So glad someone beat me over the head about giving my husband the benefit of the doubt early on in our marriage. He’s one of those deep thinkers who conceives ideas in his flowery, sensitive right brain, but who expresses those ideas through his matter-of-fact, pragmatic left brain.
And on top of that, there’s usually an uncomfortably long pause after he begins to express himself (presumably when he realizes the potential harm in what he has already said), followed by a brief fixer-upper statement. It usually goes something like this: After I married my wife I realized she was nothing like the woman I thought I had married . . . (super long pause) . . . I realized she was so much more.
Feeling my pain? For at least 7 of our nearly 13 years of marriage, I bit my tongue, curled my toes, and plotted his death through those “super long pauses.” I often felt insulted or hurt. Giving my husband the benefit of the doubt was something I had to do intentionally–like putting a parental block on channel 58 to avoid watching CSPAN by accident when I was too lazy to get up and get the remote.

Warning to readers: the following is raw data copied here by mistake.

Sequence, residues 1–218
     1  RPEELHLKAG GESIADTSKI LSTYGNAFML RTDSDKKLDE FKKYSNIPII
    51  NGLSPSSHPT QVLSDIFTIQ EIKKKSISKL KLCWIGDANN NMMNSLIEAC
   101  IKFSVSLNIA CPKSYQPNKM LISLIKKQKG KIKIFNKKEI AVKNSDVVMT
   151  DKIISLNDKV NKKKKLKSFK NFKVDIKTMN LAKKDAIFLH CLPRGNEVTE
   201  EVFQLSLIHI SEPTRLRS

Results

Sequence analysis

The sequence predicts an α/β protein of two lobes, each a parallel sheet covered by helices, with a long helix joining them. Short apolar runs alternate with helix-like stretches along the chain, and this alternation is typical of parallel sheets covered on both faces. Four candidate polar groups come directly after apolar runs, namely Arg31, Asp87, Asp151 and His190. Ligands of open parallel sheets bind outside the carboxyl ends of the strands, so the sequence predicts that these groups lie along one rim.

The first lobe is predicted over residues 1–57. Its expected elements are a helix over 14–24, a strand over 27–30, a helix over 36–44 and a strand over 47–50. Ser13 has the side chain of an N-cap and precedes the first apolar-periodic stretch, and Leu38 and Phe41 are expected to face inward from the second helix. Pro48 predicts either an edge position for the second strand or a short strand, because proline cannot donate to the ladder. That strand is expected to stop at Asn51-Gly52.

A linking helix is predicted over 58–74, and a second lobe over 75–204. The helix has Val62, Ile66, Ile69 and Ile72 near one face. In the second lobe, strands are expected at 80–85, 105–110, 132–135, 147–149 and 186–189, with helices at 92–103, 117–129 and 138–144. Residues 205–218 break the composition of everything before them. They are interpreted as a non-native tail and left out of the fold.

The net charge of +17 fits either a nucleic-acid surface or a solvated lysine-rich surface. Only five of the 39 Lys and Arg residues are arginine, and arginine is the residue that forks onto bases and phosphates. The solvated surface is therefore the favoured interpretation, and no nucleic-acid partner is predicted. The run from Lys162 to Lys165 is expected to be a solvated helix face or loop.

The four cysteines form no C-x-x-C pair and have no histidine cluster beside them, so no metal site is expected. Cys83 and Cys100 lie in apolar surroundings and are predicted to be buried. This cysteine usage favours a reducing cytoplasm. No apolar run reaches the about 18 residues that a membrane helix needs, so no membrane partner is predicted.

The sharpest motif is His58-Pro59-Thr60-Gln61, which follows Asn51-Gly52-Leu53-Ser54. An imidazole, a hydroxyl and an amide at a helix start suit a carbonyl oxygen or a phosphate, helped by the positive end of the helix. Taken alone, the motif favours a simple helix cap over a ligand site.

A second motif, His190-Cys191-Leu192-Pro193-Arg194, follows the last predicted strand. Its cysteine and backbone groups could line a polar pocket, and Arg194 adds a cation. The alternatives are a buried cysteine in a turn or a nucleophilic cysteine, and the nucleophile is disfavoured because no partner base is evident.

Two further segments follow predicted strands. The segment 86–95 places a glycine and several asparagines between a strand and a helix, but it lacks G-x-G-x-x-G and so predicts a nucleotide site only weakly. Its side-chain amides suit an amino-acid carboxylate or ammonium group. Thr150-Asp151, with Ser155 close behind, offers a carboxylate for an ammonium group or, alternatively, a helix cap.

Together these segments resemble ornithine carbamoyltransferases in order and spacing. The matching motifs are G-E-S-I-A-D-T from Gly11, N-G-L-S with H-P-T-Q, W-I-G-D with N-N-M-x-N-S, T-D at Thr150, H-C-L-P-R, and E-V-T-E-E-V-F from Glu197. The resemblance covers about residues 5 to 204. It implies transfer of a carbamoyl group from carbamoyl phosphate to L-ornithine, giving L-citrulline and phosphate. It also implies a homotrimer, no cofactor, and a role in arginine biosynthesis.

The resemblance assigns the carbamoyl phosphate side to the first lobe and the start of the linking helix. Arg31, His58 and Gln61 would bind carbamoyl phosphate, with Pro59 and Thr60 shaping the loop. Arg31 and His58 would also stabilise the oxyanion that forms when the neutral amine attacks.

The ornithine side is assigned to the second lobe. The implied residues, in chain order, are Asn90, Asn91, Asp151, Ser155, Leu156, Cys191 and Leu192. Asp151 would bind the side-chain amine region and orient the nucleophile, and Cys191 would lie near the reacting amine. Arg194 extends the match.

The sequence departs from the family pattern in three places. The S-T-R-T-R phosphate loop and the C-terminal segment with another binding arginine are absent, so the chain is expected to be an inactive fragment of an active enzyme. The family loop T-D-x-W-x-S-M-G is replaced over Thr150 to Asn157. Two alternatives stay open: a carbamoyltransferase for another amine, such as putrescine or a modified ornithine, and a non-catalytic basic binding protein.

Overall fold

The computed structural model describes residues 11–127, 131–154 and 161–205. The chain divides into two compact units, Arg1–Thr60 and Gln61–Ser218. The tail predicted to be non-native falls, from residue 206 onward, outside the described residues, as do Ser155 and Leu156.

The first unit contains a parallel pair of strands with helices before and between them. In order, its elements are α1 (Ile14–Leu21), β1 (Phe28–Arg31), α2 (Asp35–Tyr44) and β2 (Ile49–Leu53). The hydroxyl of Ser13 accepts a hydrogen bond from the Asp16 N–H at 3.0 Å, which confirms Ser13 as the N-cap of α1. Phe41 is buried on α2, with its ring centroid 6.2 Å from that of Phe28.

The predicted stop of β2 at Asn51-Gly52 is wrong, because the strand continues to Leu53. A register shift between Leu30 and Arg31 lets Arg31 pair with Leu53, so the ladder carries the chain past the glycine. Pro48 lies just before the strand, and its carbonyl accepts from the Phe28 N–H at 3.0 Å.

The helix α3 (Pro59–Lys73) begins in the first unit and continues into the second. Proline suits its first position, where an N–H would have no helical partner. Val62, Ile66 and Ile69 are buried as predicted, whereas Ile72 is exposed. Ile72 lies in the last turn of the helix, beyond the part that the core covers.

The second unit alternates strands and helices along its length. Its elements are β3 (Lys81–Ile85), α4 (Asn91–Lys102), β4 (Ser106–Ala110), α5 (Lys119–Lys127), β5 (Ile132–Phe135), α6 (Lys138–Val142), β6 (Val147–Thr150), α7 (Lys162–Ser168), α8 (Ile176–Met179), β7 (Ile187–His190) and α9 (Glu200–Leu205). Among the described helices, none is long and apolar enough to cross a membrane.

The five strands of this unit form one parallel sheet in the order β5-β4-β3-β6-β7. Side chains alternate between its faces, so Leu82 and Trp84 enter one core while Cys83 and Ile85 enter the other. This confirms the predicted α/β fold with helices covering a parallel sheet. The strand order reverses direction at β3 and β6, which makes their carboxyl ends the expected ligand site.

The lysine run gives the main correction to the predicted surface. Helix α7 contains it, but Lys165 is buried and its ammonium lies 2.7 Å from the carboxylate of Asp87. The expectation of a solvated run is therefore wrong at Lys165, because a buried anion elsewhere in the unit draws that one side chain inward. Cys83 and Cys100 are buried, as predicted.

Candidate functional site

Now, 13 years later, I don’t even tune into the highly-ignitable stuff that precedes those long pauses. I just perk up my ears to make sure I don’t miss the heart of my husband in what he says after the pauses.
And I’m usually glad I did.
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I like it! We need to give grace (especially to our spouses). After all, look at the grace God has bestowed upon us!
So true, Kay–shame on us when we don’t, or when we WON’T!
“I just perk up my ears to make sure I don’t miss the heart of my husband….” Thanks, Sherry, for this gentle reminder of what is truly important…
Thanks, Sarah. Too bad I didn’t realize all this on day one.
You are so right, Sherry. Save the energy for a little extra lovin’ instead of wasting it on hurt feelings and getting offended. That bit of advice has served me well over the past 43 years of marriage…
Woo-hoo! Carol, I may have to quote you on this one . . . Who can argue with a little extra lovin’?
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